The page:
Can a person on the wheel chair practice Aikido too?
by Kevin Jones
I think the answer is yes, although you have to work to make it possible.
I've taught Shin-shin Toitsudo (the ki development exercise part of our style of Aikido) to people with quite severe disabilities. The wheel chair is no problem as far as understanding principles goes, but it does require adaptation to some of the movements in the exercises.
Aikido technique can also be practiced from a wheel chair, or any other chair for that matter - I had to do this myself for a while when I couldn't walk when recovering from surgery - but there are some problems. Some are mundane, like how do you allow the wheelchair onto the mat without either damaging the surface or running the risk of it becoming a hazard to other students. Others are more interesting like how to you get a good movement and correct direction from a person whose physical mobility is limited in this way. All can be solved.
Depending on the reason for the confinement to a chair, I suggest the following possibilities:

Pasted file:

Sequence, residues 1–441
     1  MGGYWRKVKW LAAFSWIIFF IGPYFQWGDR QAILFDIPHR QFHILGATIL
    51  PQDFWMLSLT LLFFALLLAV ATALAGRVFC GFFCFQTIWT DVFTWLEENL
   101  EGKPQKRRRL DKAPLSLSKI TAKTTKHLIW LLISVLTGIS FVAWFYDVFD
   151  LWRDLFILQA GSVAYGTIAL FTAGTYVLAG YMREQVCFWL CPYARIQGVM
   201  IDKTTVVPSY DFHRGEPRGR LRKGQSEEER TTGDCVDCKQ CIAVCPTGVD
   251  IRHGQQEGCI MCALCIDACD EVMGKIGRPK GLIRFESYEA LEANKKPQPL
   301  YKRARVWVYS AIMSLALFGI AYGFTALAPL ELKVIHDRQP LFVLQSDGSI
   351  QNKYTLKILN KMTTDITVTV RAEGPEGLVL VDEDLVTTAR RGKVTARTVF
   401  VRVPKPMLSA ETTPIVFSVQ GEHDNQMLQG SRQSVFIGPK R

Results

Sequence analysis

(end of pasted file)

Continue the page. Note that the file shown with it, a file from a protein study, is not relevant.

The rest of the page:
- if the person can get out of the chair and sit in a stable seiza, then they can practice quite reasonably from this posture doing technique in a form similar to hanmi-handachi, albeit with no lower body movement.
- place a stable chair on the mat and let the person practice technique from this chair. This is slightly more difficult than seiza and uke will have to adjust as necessary but it can be rewarding practice.
- allow the wheelchair onto the mat, probably limiting the area used, and try the technique from there. This has the advantage of more mobility and the drawbacks of the chair itself and the lack of a controlled base in most cases.
Teaching a person in a wheelchair requires some effort but can be done if one is prepared to adapt. For styles that only teach Aikido-waza there isn't the same gentle introduction that ki classes allow me to use, so the initial period might be a little difficult.
There's a gentleman in one of the Berkeley dojos who has MS and is not only confined to a wheelchair but also has little control of his limbs in general. He's been practicing for a number of years now and I believe was awarded shodan. People like this show that most limitations can be overcome by effort and have my sincere admiration.